Join Date: Feb 2006
Re: Julie Coin !
Julie also had a page in the New York Times! Here is the article :
This Qualifies as Big: Top-Seeded Ivanovic Falls
By JOSHUA ROBINSON
Published: August 28, 2008
A shriek rang out in Arthur Ashe Stadium. By the time it was over, the underdog-loving fans at the United States Open had drowned Ana Ivanovic out. For the 34th time Thursday afternoon, she had hit an unforced error. And for the first time in the open era, a No. 1 women’s seed was out of the United States Open before the third round.
Julie Coin, a 25-year-old qualifier from France, needed three tries at match point to finally overcome Ivanovic, the top-ranked player in the world, 6-3, 4-6, 6-3, in 1 hour 57 minutes.
Asked on the court if she expected this, Coin could muster only a buoyant, “No.”
“I don’t realize yet that I beat the No. 1 player in the world,” she said during her postmatch news conference. “I don’t realize yet that I played on the big court. I don’t know how I’m going to sleep tonight.”
Ranked 187 spots below Ivanovic, Coin was barely playing on the same tour. She has never won a WTA title because she spends most of her time on the Challenger tour. She had never qualified for the main singles draw of a Grand Slam event until this United States Open. Her record in singles this year, after Thursday’s upset, stands at 19-18. Coming into the Open, her career winnings amounted to $99,563. When Ivanovic won the French Open in June, she took home $1.39 million.
A couple of weeks ago, Coin said, she thought about quitting the game altogether at the end of the season. “I was asking myself, ‘Am I really made to play tennis?’ ” she said. “Am I going to make the top 100? It’s not worth playing tennis if you don’t make the top 100.”
The daughter of two team handball players from Amiens, outside of Paris, Coin (pronounced kweh) has been playing in the United States since she followed her then boyfriend, a tennis player named Clément Reix, to Clemson, where there were already two French players. She was an all-American and made it to the semifinals of the N.C.A.A. tournament in 2004.
Since then, she has kicked around lesser-known events, making her own travel arrangements and carrying her own bags, while developing the powerful serve that carried her over Ivanovic on Thursday.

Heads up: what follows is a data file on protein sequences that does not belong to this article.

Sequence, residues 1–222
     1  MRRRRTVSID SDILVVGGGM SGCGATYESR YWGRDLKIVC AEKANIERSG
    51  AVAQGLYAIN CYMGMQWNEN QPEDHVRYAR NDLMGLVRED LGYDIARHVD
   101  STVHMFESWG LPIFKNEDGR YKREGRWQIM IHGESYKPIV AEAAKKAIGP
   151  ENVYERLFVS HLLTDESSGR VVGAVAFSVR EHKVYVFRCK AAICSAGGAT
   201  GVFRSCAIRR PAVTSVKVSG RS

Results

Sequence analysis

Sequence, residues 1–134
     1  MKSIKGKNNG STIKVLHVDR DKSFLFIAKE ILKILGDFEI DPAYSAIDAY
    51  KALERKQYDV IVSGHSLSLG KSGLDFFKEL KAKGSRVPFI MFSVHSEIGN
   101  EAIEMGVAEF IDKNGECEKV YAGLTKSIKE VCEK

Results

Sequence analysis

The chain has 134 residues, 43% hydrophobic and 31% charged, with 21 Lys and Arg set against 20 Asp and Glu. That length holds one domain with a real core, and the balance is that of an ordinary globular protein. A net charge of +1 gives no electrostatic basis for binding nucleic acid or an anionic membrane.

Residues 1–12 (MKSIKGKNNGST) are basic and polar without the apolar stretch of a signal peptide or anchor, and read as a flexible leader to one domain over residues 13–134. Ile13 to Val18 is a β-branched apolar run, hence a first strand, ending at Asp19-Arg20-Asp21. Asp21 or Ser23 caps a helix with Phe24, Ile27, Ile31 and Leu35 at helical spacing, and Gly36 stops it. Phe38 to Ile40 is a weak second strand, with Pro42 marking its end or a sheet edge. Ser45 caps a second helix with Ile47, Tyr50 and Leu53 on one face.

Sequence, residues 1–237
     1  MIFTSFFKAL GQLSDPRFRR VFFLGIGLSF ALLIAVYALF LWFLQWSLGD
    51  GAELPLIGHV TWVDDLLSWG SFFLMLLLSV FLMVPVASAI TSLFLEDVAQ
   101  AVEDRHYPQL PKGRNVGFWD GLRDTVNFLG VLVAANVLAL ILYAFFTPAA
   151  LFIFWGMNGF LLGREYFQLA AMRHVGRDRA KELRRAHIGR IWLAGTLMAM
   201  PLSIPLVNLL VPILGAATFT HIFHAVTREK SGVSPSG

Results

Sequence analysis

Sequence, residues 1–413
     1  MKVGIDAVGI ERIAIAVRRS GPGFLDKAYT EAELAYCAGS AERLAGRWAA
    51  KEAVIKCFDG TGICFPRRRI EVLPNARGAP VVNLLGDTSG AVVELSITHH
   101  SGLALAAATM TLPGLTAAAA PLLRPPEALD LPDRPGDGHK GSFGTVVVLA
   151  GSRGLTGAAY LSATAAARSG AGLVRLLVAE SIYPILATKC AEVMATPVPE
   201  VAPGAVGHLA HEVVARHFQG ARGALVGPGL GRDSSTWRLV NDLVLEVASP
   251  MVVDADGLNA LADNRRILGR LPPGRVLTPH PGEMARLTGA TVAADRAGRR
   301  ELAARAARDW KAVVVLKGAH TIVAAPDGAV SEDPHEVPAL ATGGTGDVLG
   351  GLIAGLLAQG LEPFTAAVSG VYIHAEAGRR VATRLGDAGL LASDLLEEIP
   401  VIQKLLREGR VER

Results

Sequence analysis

“I think she was nervous,” said Coin, who won 39 of 47 points on her first serve. “More than I was.”
After they traded the first two sets, Coin went up a break in the third and found herself at 40-30, leading by 5-3. That moment, she said during the French portion of her news conference, was when reality seeped in.
It was her fourth of the afternoon, but those were more than canceled out by Ivanovic’s eight double faults. Ivanovic was unrecognizable from the player who won on clay at Roland Garros. But as the top seed at Wimbledon, she lost in the third round, and she has been bothered by a thumb injury for most of the summer hardcourt season.
After Thursday’s defeat, her ranking will probably look different. Six women, including Jelena Jankovic and Serena Williams, entered the Open with a chance to be No. 1, and their chances got better with Ivanovic’s early exit. Williams, in the first night match Thursday, crushed Elena Vesnina of Russia, 6-1, 6-1, to book her spot in the third round.
“This kind of loss I had today is just incentive to work harder,” Ivanovic said. “To go back on the court and to keep working hard and practicing and improving.”
After pulling out of the Olympic singles tournament, where she was the top seed, Ivanovic came to Flushing Meadows under a blanket of questions about her thumb. After developing a row of blisters on it in twice-a-day training sessions, she made a few subtle adjustments that resulted in a fresh injury. She could not hit a ball without pain until a couple of days before the Open.
But on Thursday she played down the impact of the injury saying that the only reason she might have been nervous was that she had never seen Coin play. “So I didn’t know what to expect,” she said.
Ivanovic could hardly be blamed. Even Amélie Mauresmo, who grew up in the same region as Coin and will now face her in the third round, knew little about her. In recent days, the French new media had even written that Mauresmo would not know what Coin looked like. So this morning, Mauresmo said after beating Kaia Kanepi, she sought her out. “Are you the one I don’t recognize?” Mauresmo said she asked Coin.
The French news media made sure that Coin, whose name means “corner” in French, immediately became a household name there. On its Web site, the sports daily L’Equipe had already flashed the headline, “Un Coin de Paradis” — “A Corner of Heaven.”